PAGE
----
US pulls 2 more from Cuba amid new potential health cases
The United States has pulled two more of its workers out of Cuba and are testing them for possible brain injury, three U.S. officials told The Associated Press on Friday, amid concerns they may have been affected by the mysterious health incidents harming U.S. diplomats in Cuba and China.
The two individuals are considered “potentially new cases” but have not yet been “medically confirmed,” a State Department official said. Two other officials said the individuals have been brought for testing to the University of Pennsylvania, where doctors have been evaluating, treating and studying Americans affected in Cuba last year as well as new potential cases from a U.S. consulate in China.
The officials were not authorized to comment publicly on the matter and spoke on condition of anonymity.
So far there are 24 confirmed patients affected by the bizarre incidents, first disclosed last year, that have been deemed “specific attacks” by the U.S. government. The United States has said it doesn’t know who is behind it, but has argued Cuba is responsible for protecting all diplomats on its soil.
Until Friday, the most recent suspicious incidents disclosed by the U.S. had been in August 2017, leading many to suspect they had stopped.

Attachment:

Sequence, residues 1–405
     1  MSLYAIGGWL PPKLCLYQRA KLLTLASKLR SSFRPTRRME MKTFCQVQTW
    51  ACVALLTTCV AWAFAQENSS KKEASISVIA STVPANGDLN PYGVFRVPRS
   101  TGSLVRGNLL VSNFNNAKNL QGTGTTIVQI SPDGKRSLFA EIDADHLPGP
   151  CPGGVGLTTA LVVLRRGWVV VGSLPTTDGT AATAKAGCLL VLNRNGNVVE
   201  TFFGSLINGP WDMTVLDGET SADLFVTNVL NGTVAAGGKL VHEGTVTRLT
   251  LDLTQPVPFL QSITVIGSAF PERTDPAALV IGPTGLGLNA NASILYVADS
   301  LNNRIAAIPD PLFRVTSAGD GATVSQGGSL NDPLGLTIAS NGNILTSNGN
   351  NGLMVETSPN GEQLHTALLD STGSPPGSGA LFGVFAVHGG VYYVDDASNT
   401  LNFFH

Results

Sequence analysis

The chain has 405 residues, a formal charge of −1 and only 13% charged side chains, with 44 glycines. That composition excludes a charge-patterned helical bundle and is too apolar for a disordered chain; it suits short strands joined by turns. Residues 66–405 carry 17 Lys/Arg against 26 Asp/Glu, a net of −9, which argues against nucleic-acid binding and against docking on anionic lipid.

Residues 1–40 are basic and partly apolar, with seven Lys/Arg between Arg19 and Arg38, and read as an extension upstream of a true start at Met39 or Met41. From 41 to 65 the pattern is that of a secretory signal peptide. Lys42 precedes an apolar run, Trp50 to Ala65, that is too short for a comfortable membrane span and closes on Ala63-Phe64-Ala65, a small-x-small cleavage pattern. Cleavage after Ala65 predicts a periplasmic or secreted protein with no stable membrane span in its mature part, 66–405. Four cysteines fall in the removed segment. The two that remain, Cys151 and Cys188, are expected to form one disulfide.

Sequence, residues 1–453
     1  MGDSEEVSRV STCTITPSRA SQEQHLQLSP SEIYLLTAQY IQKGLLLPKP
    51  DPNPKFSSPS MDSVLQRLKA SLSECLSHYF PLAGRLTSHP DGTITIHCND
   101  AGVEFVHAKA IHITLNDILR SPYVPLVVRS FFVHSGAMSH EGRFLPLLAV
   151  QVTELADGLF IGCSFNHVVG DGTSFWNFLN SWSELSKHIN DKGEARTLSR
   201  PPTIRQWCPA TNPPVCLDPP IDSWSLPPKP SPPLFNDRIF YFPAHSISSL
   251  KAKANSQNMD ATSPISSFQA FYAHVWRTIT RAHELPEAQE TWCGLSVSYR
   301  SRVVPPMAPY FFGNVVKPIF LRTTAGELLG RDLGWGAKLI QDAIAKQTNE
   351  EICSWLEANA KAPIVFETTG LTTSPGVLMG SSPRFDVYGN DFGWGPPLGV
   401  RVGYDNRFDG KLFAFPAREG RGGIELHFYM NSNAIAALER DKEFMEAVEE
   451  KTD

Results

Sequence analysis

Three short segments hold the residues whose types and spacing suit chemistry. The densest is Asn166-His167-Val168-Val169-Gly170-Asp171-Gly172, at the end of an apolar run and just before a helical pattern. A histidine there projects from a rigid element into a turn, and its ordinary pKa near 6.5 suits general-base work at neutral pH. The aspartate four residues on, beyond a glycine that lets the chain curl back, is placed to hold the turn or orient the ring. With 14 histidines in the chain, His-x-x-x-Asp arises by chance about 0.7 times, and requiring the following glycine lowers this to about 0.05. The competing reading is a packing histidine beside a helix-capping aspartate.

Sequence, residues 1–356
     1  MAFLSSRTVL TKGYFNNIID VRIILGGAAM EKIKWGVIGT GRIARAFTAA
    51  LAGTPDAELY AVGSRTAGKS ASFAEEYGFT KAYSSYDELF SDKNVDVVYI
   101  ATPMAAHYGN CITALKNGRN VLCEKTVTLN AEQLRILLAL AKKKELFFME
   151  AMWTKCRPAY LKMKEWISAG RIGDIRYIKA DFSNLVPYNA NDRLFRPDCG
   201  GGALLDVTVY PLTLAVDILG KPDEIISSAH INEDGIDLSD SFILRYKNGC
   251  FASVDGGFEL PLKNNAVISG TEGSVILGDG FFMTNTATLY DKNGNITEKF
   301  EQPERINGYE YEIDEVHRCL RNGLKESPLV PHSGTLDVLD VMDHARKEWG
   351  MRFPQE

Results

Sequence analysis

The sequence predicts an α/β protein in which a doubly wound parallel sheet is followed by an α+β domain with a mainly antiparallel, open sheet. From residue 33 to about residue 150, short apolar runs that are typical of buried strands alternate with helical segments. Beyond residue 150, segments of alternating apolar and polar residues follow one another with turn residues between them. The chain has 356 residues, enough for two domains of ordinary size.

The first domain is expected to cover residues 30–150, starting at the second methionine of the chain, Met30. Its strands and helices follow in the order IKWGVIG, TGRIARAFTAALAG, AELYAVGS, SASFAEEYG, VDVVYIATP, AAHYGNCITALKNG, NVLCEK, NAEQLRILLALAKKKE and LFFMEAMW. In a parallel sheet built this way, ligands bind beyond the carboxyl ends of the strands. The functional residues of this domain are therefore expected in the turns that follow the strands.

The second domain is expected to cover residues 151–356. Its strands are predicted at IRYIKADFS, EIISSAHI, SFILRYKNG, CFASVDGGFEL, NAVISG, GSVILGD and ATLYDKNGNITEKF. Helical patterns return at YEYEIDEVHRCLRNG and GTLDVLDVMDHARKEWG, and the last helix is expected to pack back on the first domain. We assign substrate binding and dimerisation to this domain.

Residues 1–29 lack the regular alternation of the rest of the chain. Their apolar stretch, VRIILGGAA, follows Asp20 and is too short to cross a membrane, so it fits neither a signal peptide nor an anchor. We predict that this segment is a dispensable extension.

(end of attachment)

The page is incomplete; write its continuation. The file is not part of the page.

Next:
The two new individuals removed from Cuba were medically evaluated in just the past few weeks, two officials said.
The confirmed Cuba patients have been found to have a range of symptoms and diagnoses including mild traumatic brain injury, also known as concussions. Unexplained sounds and vibrations that accompanied the symptoms initially led investigators to suspect a sonic weapon, although an interim FBI report in January said no evidence had been uncovered that sound waves could have damaged the Americans’ health, The Associated Press reported.
The potential new cases come as the U.S. has being issuing health alerts to Americans in China after a worker at the U.S. Consulate in Guangzhou reported symptoms and strange sounds and was flown to the U.S. That worker was then medically confirmed to have “suffered a medical incident consistent with what other U.S. government personnel experienced in Havana, Cuba,” the State Department has said.
The department has sent a medical team to Guangzhou to offer medical screenings to all American government workers and family members who want them. The team arrived late last week and has started evaluating Americans.
Of the roughly 170 American consulate staffers and family members in Guangzhou, about 150 sought the offered preliminary medical examinations, according to officials familiar with the process. The officials stressed that some of them may not have experienced any symptoms and were having the tests done protectively. Although the vast majority of them were cleared, eight people were referred to the University of Pennsylvania for additional testing, the officials said.
The U.S. diplomatic presence in China is large with representatives from 33 different federal agencies employed at the embassy in Beijing and the five consulates on the mainland: Chengdu, Guangzhou, Shanghai, Shenyang and Wuhan. As of May 2017, when the State Department inspector general’s office conducted its last inspection of the missions in China, almost 900 Americans worked at them, including 168 who were hired locally.